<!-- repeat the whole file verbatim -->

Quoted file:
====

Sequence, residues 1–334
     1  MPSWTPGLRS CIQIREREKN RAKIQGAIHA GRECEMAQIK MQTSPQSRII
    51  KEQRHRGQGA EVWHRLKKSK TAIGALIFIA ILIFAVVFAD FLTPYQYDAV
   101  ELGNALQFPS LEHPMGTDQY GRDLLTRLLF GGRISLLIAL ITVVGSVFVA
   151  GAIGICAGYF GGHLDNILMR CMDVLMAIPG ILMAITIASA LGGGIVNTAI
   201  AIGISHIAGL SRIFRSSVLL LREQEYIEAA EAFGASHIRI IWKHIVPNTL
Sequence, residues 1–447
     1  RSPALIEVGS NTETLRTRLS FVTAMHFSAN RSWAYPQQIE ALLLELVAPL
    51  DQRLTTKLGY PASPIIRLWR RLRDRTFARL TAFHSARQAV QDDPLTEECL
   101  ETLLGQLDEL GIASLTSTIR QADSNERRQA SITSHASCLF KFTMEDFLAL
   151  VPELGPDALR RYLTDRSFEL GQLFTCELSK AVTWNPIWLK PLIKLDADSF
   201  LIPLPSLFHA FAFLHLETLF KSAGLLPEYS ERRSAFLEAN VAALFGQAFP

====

Sequence, residues 1–334
     1  MPSWTPGLRS CIQIREREKN RAKIQGAIHA GRECEMAQIK MQTSPQSRII
    51  KEQRHRGQGA EVWHRLKKSK TAIGALIFIA ILIFAVVFAD FLTPYQYDAV
   101  ELGNALQFPS LEHPMGTDQY GRDLLTRLLF GGRISLLIAL ITVVGSVFVA
   151  GAIGICAGYF GGHLDNILMR CMDVLMAIPG ILMAITIASA LGGGIVNTAI
   201  AIGISHIAGL SRIFRSSVLL LREQEYIEAA EAFGASHIRI IWKHIVPNTL
Sequence, residues 1–447
     1  RSPALIEVGS NTETLRTRLS FVTAMHFSAN RSWAYPQQIE ALLLELVAPL
    51  DQRLTTKLGY PASPIIRLWR RLRDRTFARL TAFHSARQAV QDDPLTEECL
   101  ETLLGQLDEL GIASLTSTIR QADSNERRQA SITSHASCLF KFTMEDFLAL
   151  VPELGPDALR RYLTDRSFEL GQLFTCELSK AVTWNPIWLK PLIKLDADSF
   201  LIPLPSLFHA FAFLHLETLF KSAGLLPEYS ERRSAFLEAN VAALFGQAFP